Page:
In academic laboratories, researchers are trying to offer lifelike immersive experiences using lighter hardware setups. Our team  introduced a walk-into-the-movie experience (Figure 5). Each user was captured by three depth cameras and their 3D avatar was reconstructed and transmitted to a virtual apartment. When users met one another's photorealistic 3D avatar inside the virtual apartment, they had a sense of social presence and a feeling of walking into the movie. The idea behind this prototype is to demonstrate the future possibilities of watching a TV show or movie. Soon, when you are talking about a movie you watched last night, you might say, "I saw my friend's hologram standing behind the detective. She read the forensic report the detective was holding."
|Figure 5. The walk-into-the-movie experience: The users' photo-realistic avatars copresent with the virtual movie characters in the virtual movie.|
Compared to the capturing systems of Microsoft Research, Meta, and Google, the virtual movie setup is much lighter. Even so, we cannot imagine that users would set up and calibrate the cameras themselves at home. To enable more users to engage with the new experiences created in laboratories requires extended collaboration between industrial and academic players to further develop the technology—for instance, making the depth cameras smaller and easily installable at home and developing software to help users calibrate them.
Whether using an HMD or walking into a CAVE, an immersive experience is still rare for most people because of the hardware investment required. To minimize the accessibility obstacles to virtual worlds, many Web-based applications (e.g., Mozilla Hubs, Virbela) have sprung up. Without a bulky HMD, users can enter a virtual world using a Web browser on a laptop or mobile phone. Building a Web-based accessibility solution is only a start to engaging more users. People with motor disabilities, impaired vision, or chronic pain may find virtual experiences less enjoyable if they require a lot of physical movement to get engaged, or if they contain primarily visual stimulations.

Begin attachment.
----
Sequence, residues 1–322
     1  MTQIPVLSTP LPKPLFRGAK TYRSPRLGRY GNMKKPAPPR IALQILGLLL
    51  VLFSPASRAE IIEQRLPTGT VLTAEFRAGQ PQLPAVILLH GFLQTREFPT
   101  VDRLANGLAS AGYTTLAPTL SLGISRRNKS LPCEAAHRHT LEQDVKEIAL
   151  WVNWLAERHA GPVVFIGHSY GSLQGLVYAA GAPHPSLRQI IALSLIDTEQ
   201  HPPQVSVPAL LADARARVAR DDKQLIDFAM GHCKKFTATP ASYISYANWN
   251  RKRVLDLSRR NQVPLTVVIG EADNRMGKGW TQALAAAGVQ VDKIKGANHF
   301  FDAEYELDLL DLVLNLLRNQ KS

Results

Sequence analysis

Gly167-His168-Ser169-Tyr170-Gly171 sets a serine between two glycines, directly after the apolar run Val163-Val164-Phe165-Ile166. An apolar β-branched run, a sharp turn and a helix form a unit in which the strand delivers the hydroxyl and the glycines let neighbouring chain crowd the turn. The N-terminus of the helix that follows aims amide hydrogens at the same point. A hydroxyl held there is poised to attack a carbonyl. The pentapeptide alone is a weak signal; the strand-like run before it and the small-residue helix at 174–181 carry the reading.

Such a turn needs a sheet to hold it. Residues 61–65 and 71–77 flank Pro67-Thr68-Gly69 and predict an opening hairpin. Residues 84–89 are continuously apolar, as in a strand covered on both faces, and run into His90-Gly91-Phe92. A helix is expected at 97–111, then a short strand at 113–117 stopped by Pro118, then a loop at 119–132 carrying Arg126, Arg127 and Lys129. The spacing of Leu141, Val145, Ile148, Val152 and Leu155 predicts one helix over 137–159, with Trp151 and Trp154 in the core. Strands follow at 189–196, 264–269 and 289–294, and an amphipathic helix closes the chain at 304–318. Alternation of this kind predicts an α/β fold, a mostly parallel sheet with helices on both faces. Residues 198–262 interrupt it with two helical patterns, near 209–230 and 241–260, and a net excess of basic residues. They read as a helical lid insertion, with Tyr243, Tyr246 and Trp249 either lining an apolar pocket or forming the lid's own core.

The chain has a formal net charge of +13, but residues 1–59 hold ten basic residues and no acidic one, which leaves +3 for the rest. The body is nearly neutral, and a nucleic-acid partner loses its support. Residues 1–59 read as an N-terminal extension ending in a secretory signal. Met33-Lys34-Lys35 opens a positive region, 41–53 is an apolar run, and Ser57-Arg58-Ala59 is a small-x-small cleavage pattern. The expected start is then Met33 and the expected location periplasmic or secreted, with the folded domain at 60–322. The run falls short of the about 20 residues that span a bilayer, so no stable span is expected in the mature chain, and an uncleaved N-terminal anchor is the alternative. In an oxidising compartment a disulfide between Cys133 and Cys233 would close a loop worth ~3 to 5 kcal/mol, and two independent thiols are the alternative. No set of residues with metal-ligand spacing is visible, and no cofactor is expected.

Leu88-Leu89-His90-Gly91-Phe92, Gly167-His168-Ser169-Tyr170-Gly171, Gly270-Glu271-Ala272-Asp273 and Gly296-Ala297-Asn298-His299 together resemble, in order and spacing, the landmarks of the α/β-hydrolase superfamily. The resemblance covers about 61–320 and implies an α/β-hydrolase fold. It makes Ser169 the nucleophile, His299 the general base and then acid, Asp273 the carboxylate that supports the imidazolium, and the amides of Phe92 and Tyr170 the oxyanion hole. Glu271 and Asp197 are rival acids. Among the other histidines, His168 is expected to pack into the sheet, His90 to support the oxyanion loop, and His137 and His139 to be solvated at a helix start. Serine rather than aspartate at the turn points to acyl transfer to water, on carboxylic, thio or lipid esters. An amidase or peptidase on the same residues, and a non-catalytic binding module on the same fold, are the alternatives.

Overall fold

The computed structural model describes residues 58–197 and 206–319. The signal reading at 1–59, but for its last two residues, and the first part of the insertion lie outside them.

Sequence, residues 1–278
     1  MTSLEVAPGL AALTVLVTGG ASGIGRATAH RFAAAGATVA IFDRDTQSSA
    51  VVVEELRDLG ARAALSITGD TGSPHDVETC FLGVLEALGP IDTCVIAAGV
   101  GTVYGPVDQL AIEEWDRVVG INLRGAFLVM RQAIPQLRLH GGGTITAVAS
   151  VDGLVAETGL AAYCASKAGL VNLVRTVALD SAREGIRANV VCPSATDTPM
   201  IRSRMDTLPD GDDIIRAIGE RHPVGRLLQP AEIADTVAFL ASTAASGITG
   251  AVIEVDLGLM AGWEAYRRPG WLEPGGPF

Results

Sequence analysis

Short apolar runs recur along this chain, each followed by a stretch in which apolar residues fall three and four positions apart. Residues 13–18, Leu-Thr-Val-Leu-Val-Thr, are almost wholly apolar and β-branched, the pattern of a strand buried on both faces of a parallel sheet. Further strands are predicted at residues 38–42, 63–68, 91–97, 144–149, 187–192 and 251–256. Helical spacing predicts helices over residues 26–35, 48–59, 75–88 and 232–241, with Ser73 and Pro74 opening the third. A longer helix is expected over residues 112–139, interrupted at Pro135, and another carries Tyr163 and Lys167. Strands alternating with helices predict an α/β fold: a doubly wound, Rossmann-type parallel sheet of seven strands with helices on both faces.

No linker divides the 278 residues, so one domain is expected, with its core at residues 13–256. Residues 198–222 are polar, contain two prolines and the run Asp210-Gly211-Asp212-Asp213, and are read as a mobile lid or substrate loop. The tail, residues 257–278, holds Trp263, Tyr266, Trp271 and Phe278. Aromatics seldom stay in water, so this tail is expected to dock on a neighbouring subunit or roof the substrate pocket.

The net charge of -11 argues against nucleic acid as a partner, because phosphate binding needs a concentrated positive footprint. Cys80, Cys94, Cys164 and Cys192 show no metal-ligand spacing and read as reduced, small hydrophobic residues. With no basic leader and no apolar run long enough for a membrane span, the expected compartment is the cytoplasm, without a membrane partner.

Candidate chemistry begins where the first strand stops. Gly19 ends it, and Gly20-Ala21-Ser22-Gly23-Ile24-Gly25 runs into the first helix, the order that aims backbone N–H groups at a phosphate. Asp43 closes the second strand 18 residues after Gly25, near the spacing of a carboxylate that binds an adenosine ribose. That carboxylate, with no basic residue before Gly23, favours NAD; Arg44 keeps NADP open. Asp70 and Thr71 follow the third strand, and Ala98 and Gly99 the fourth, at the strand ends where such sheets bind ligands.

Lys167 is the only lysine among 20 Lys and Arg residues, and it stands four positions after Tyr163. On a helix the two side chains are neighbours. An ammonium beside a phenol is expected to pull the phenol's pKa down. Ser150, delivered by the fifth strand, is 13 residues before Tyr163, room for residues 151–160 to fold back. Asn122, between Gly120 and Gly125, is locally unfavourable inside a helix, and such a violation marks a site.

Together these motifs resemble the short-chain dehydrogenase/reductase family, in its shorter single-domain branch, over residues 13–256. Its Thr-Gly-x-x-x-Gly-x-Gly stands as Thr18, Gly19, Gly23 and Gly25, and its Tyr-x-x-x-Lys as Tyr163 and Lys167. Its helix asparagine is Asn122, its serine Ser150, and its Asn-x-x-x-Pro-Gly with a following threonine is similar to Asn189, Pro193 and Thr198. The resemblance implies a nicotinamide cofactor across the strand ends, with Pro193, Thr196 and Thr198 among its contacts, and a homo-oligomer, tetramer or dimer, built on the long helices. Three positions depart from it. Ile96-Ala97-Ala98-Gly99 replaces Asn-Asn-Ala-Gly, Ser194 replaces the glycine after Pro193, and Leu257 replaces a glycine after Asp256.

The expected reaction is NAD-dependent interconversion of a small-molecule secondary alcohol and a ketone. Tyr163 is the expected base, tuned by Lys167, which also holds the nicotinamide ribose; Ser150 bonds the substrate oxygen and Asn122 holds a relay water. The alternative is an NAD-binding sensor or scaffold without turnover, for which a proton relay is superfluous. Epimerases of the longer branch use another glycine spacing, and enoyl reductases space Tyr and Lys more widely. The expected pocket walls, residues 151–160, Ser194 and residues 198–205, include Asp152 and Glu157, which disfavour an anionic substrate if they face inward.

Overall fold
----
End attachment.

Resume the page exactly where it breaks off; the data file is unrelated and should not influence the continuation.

Furthermore, most of the available HMDs are not designed for children. I often need to hold the HMD on my daughter's head to enable her to experience what an immersive three-dimensional virtual world is. The primary concerns regarding the digital-native generation are about addictions and problematic behaviors that may be caused by the combination of unique components in the virtual world and the gamification elements . When designing for accessibility for children, finding a way to smartly implement intervening techniques is essential to ensuring supervised use of the metaverse.